"We're getting to the point where the capacity of the system as it has existed is being strained to the limit because of the changes in demographics," said University of Alberta professor and health policy researcher John Church.

Health-care providers are taking steps to reform the system. In another example of vertical integration, this time aimed at helping to free up beds, hospitals in Toronto are partnering with rehabilitation centres. University Health Network has joined forces with Toronto Rehabilitation Institute, Canada's largest such facility. The institute treats patients from the city's seven largest hospitals, including the three that comprise UHN. Sunnybrook Health Sciences Centre is also in merger talks with St. John's Rehab Hospital.

In British Columbia, the Fraser Health Authority is putting acute and community care services under the same umbrella by having primary care doctors partner with home health workers. The home health worker assumes responsibility for the doctor's patients once they return to the community.

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Alberta is following the lead of British Columbia, Saskatchewan and New Brunswick by trying to prevent seniors who do not need emergency care from ending up in the hospital. The province's Emergency Medical Services is working in collaboration with hospitals in Edmonton and Calgary to find resources in the community for patients who have chronic illnesses or disabilities but who do not need to be in an acute-care bed.

But the Alberta government's effort to clear the bottleneck in hospitals is undermined somewhat by its push to have the private sector provide additional long-term care homes. Private operators charge much higher rates for room and board than the province. Patients who cannot afford the higher prices could languish longer in the hospital, critics say.

Overall reforms in Canada will be piecemeal unless the federal and provincial governments make community and home care an integral part of the country's universal medicare system, say health-care experts. What's more, they say, changing the focus from acute care to continuing care has the added appeal for cash-strapped governments of potentially lowering costs.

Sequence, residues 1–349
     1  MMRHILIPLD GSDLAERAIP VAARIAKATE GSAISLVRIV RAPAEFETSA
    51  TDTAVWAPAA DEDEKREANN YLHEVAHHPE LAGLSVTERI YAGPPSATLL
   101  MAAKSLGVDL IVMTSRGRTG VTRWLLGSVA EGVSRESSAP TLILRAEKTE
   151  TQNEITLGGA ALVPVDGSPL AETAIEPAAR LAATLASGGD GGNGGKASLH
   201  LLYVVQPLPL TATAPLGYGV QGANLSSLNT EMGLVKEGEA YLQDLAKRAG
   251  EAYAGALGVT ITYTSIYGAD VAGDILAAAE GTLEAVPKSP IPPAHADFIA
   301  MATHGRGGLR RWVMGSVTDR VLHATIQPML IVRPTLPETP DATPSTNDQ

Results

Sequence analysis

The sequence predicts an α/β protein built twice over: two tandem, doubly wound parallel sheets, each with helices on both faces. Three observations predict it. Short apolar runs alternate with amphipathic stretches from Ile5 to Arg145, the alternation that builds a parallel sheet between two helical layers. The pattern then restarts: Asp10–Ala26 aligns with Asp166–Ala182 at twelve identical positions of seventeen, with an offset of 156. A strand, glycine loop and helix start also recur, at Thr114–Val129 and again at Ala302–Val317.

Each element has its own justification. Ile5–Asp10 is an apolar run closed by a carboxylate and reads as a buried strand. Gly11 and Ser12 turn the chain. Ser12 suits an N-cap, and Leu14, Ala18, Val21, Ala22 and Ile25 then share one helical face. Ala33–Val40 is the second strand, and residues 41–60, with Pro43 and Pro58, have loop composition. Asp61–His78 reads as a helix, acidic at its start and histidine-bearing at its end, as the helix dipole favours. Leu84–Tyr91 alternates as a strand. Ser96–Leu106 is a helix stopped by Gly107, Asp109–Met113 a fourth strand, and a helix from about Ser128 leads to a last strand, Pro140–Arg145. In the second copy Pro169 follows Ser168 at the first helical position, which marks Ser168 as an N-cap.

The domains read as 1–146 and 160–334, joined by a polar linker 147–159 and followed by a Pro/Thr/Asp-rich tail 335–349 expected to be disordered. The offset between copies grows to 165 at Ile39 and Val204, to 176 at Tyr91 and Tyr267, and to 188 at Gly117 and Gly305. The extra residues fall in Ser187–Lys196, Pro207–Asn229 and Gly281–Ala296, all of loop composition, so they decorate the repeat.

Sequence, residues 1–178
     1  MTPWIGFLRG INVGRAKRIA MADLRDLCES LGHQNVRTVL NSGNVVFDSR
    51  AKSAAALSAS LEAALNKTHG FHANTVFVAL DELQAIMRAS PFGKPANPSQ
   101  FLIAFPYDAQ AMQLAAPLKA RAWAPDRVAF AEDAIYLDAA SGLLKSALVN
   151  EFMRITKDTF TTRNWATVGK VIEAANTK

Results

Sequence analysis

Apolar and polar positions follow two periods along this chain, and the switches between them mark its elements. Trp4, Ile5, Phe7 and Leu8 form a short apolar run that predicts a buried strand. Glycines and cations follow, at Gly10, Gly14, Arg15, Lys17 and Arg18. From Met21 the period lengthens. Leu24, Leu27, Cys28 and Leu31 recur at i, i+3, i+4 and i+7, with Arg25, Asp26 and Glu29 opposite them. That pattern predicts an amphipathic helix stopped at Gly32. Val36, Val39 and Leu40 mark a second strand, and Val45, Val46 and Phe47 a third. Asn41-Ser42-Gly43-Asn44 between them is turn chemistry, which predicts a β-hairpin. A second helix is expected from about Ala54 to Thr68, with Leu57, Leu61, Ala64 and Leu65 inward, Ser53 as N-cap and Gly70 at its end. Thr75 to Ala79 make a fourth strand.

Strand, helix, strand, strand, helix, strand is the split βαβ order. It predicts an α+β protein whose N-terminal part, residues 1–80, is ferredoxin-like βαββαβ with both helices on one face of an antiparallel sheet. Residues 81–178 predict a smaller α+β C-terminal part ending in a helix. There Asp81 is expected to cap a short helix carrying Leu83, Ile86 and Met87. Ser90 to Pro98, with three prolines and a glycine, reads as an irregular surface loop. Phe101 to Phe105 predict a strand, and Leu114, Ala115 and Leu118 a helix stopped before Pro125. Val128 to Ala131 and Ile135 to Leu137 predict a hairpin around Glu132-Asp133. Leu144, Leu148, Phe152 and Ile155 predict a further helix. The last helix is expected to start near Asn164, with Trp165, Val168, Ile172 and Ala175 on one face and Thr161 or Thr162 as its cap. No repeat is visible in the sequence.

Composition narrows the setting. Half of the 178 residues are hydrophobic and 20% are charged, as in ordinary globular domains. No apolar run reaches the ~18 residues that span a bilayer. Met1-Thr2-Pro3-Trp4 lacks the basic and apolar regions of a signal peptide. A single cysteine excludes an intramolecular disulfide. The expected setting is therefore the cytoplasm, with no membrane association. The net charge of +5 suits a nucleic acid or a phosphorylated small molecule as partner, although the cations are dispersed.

A new report calls for an integrated system of care delivery to provide lower cost, seamless care for seniors across a wide range of services. The services would be under one roof with a single budget and co-ordinated by case managers who can assess a patient's needs, develop customized care plans and authorize access to services.

"What we actually are doing is substituting more expensive hospital care for less expensive non-professional home support care," said Marcus Hollander, a Victoria-based health-policy researcher and co-author of the report.

In fact, an earlier study done by Prof. Hollander found that withdrawing support services such as housecleaning to help elderly people function in their own homes ended up costing the health-care system more.

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British Columbia at one time provided housecleaning, cooking and other services to the elderly. But in the mid-1990s, some regions in the province stopped funding these services. People who were cut off from these services cost the health-care system an average of $3,500 more compared with those who continued receiving help, the study concluded. The health of many individuals who no longer received the help deteriorated and they ended up in hospital or a long-term care home.

"The tragic thing about this is we actually had systems of care like this in Canada in the late '80s and early '90s, and then there were changes in policy and budget crunches and things kind of withered away," Prof. Hollander said.

Dr. Smith is well aware that the missing link to providing a continuum of care for seniors is assisting the elderly who can manage on their own with a little help.

"We don't have well-thought-out strategies on the senior who doesn't need long-term care, but who needs a supportive housing environment," he said.